There are six states that declared opioid addiction as a public health emergency last year: Alaska, Arizona, Florida, Maryland, Massachusetts and Virginia. While only 6 out of 50 states declared this, it is still an alarming thing—the first count of fentanyl deaths as of 2016 revealed a 540 percent rise in 3 years. Many of these deaths were even connected to prescription opioids. However, many also came from heroin, fentanyl, and fentanyl analogue.

With these disturbing statistics, people are finally taking bold action. Florida, in particular, passed a legislation in March 2017 that restricts certain opioid prescriptions to three days. It also authorized $53.5 million for prevention efforts and treatment. Lumina Analytics, based in Tampa, created real-time data analytics tackling the prevention of overdoses. etectRx, based in Gainsville, created a smart pill with a wireless sensor that tracks if patients took their prescribed medication and if they did so properly.

List of Organizations Fighting Opioid Epidemic

Fortunately, there are now many other alternative startups working on aiding or fixing the opioid issue—or at least address pain, which is the main reason people turn to opioids in the first place. Indeed, these organizations fighting opioid epidemic are now boldly moving:

  1. MyoScience – Based in Fremont, California, the company created an FDA-cleared pain relief system called iovera. Their Focused Cold Therapy targets pain directly.
  1. Prospira PainCare – Based in Mountain View, California, the company’s pain management services leverages a wide network of partnered physicians to offer individualized care for people suffering from chronic or acute pain.
  1. Centrexion Therapeutics – Based in Boston, Massachusetts, the company creates non-opioid drug therapies that treat severe chronic pain. Through their STRATI technology, the East Coast startup developed a capsaicin-based alternative. Capsaicin is a natural painkiller commonly found in chili peppers.
  1. Kineta – Based in Seattle, Washington, the startup developed natural, opioid-free therapeutics that work as painkillers. Their lead product comes from a venom sourced from a small cone snail found in the Caribbean Sea.
  1. SPR Therapeutics – Based in Beachwood, Ohio, the company’s peripheral nerve stimulation (PNS) platform technology helps treat chronic and acute pains. They are also developing other neurostimulation pain therapies that may eventually target post-surgical pain, neuropathic pain and musculoskeletal pain.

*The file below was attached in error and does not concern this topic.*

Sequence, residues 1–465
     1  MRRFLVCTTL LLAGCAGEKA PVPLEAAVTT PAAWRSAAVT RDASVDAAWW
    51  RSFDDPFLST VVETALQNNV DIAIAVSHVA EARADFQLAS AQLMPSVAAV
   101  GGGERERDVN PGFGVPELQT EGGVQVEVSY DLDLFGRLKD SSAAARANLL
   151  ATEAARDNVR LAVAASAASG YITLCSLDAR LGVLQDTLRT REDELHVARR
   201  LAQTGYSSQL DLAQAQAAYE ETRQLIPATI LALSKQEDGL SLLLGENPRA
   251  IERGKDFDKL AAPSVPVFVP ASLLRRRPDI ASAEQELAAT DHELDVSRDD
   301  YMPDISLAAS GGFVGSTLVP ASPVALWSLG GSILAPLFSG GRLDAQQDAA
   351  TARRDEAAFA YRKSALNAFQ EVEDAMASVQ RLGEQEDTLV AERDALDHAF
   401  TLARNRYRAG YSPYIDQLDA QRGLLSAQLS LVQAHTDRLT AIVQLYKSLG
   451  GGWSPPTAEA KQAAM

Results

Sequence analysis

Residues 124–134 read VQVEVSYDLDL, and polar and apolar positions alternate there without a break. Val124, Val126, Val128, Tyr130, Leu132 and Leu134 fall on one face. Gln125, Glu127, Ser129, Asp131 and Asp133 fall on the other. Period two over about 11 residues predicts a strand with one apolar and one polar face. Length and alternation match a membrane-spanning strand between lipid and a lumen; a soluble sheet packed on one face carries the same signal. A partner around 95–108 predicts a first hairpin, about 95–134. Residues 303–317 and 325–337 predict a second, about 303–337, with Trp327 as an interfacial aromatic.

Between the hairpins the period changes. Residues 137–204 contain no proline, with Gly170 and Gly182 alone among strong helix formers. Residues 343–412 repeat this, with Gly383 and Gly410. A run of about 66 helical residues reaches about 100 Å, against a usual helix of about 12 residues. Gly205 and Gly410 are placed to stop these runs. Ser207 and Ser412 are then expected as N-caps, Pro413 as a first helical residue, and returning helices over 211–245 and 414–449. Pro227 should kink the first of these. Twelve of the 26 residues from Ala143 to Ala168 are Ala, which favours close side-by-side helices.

Other Bold Organizations Fighting Opioid Epidemic

  1. Axial Healthcare – Based in Nashville, Tennessee, this pain management solutions company has four software products that facilitate connecting patients with physicians, health insurers, and pain clinics.
  1. Vapogenix – Based in Houston, Texas, the company is developing pain relievers for localized pain management specifically for inflammation, wounds and post-procedures without the use of opiates. Their lead product is a fast-acting topical analgesic best used in minor dermatological procedures.
  1. Concentric Analgesics – Based in San Francisco, California, the company develops localized therapeutics for pain from cancer, surgery recovery and chronic osteoarthritis. They have water-soluble compounds that turn into active painkillers once the user metabolizes them.
  1. Hinge Health – Based in San Francisco, California, this company created a wearable device connected to their software, helping manage chronic pain for people with musculoskeletal disorders.

There are many other bold innovations out there—either similar to the aforementioned or even focusing on addiction management. Clearly, the U.S. is taking this opioid epidemic seriously. And organizations fighting opioid epidemic, specifically startups from coast to coast, are doing more than their fair shares to help address—and maybe eventually eradicate—this decades-old issue.